New device enables virtual group meetings for physiotherapy patients
Physiotherapy patients under the care of the Therapy Services department at the Queen Elizabeth Hospital Birmingham have been able to resume their group sessions thanks to conferencing devices funded by University Hospitals Birmingham Charity.
Generous donations to the Charity have funded two Polycom Studio units that allow the Therapy Services teams to resume their group work with their patients, which had previously stopped due to the on-going COVID-19 pandemic.
The Polycom Studio units allow the groups to enjoy high quality video conferencing.
The video conferencing technology allows the team to work with their patients virtually, with the patients taking part from home, whilst the physio team lead the sessions from the hospital, using the conferencing device.
The Therapy Services Department at QEHB treats patients with a huge range of conditions, and have played a key role in helping to rehabilitate COVID-19 patients, many of whom spent a long time in hospital and require rehabilitative treatment in order to return to full health.
The units have allowed patients to remain in the safety of their own homes, whilst being able to participate in group sessions. This has had a fantastic impact on the patients both physically and psychologically.
The units are already being used to run ITU rehab classes and limb reconstruction classes, and the team will be starting up other group sessions in the near future.
The Physiotherapy staff are able to take their patients through exercises using the units.
The limb reconstruction group sees patients who have had limb injuries or surgery that has left them needing rehabilitation to strengthen their limb so that they can get back to full health. Many of these patients will have a limb in a metal frame to aid recovery, which they may have to wear for as long as 18 months.
This group have now been able to meet again thanks to the conferencing device, and the participants are grateful for this. Jordan, who broke his right tibia and fibula after being hit by a car whilst cycling, has enjoyed the virtual sessions.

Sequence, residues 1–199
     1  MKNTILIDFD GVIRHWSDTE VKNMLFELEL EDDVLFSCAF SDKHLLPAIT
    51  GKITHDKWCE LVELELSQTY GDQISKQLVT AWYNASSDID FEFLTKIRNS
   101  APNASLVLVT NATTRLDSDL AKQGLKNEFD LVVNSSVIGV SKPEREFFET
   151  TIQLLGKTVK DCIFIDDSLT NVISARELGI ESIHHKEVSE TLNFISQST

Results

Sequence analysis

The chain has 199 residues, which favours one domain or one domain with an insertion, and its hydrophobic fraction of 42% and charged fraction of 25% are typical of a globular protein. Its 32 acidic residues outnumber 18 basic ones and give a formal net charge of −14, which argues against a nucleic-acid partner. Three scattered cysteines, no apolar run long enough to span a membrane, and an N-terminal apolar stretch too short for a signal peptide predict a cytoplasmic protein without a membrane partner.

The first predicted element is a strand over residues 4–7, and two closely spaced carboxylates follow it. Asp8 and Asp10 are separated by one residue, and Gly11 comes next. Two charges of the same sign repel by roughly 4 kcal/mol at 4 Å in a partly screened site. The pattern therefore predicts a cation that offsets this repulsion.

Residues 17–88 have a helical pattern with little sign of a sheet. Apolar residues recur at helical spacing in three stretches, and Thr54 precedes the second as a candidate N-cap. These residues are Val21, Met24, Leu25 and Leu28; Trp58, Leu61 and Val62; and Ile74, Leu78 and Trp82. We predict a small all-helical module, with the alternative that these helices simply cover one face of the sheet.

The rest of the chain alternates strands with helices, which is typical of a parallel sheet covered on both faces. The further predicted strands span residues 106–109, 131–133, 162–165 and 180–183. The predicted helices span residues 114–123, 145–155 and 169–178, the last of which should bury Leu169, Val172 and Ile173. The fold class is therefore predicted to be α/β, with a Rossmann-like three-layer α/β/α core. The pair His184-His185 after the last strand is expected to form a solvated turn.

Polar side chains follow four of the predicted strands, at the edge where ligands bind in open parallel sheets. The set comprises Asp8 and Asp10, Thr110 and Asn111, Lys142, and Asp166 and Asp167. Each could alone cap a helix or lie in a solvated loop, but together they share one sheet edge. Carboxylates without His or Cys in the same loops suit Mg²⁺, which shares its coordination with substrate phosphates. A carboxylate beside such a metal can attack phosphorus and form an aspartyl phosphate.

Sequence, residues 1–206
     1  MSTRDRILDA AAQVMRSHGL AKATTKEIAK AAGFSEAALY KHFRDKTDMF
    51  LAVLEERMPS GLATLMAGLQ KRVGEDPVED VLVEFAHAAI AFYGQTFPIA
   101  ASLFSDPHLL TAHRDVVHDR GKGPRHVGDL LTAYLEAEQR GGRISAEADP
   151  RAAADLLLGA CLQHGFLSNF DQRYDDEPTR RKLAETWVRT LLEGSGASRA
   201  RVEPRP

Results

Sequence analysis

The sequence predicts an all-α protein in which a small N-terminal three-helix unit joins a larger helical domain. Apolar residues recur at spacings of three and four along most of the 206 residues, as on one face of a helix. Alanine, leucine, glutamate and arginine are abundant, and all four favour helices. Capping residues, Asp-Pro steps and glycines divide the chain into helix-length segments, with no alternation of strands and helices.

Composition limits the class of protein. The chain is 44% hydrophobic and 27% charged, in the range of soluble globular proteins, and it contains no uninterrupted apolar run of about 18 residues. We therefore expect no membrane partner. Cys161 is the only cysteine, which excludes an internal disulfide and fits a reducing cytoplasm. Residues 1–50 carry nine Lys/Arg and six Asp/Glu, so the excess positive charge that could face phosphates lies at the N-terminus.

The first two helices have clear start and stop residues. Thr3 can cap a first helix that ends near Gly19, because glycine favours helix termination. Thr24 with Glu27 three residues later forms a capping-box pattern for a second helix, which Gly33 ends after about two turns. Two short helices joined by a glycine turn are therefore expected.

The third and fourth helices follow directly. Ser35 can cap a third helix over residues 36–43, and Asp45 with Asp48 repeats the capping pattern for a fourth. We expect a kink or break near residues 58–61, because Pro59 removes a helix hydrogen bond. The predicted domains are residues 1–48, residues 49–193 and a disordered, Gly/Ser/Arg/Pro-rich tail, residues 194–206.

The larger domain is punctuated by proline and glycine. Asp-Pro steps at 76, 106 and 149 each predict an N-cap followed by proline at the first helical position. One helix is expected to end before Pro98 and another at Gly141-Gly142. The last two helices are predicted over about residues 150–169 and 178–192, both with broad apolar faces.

He said: “I’ve been in my frame for three months so far and will be in the frame for a further three months. These virtual sessions have saved me the time and money that it would take to travel to the QE, and now I can enjoy the sessions from the comfort of my own home.”
The virtual sessions give patients the peace of mind of being safe at home. Sue, who has been a member of the group for over a year, said: “I feel safe at home, and not coming into the hospital means that I am keeping myself and my household safe. I love the camaraderie of the group, it’s wonderful to be able to chat to people who are in a similar situation to myself. Speaking with others, albeit virtually, has inspired me during this difficult time and I have been able to use my own experience to help others.”
Newer members of the group, such as Mark, have appreciated the ease with which they have been able to access the sessions. He said: “It was really easy to join the class and the software is brilliant. Two clicks and I was in!”
Staff are able to see all of their patients at once thanks to the unit, which plugs directly into the TV.
The resumption of the sessions will help patients to regain strength that they may have lost. Ilze said: “Without the physio you quickly become stiffer again and so regular sessions are really important to give focus to the exercises. The video equipment is really good as it’s possible for the team to do close-ups so we can see properly.”
For all patients in the group, the sessions provide not just physical support, but also help with the mental pressures of rehabilitation during this difficult time. John has been a member of the group for 18 months and said:
“It was a shame to lose contact with my fellow members of the group during lockdown, it is so important to get these groups started again. It has been great to see the staff again, who have been involved in my care for the last two years. They help to keep us all motivated.”
Emily Dent, Senior Physiotherapist, runs the limb reconstruction group. She said: “Our thanks go to UHB Charity for funding the two video conferencing units that have enabled us to resume our sessions virtually. It has been fantastic to be able to reconnect with our patients again, the technology makes this really smooth and allows us to give our patient the best experience possible.”
Ciara Johnston, Senior Grants Officer at University Hospitals Birmingham Charity, said: “The Charity is delighted to have been able to fund the two units for the Therapy Services Department that have enabled them to resume their group sessions.
“Since the beginning of the pandemic we have been funding projects across the Trust that have allowed patients to stay in contact with staff at the hospital, and this is a brilliant example of the difference that charitable funding can make. These units will be beneficial to hundreds of patients, enabling them to continue their rehabilitation from the safety of their homes.”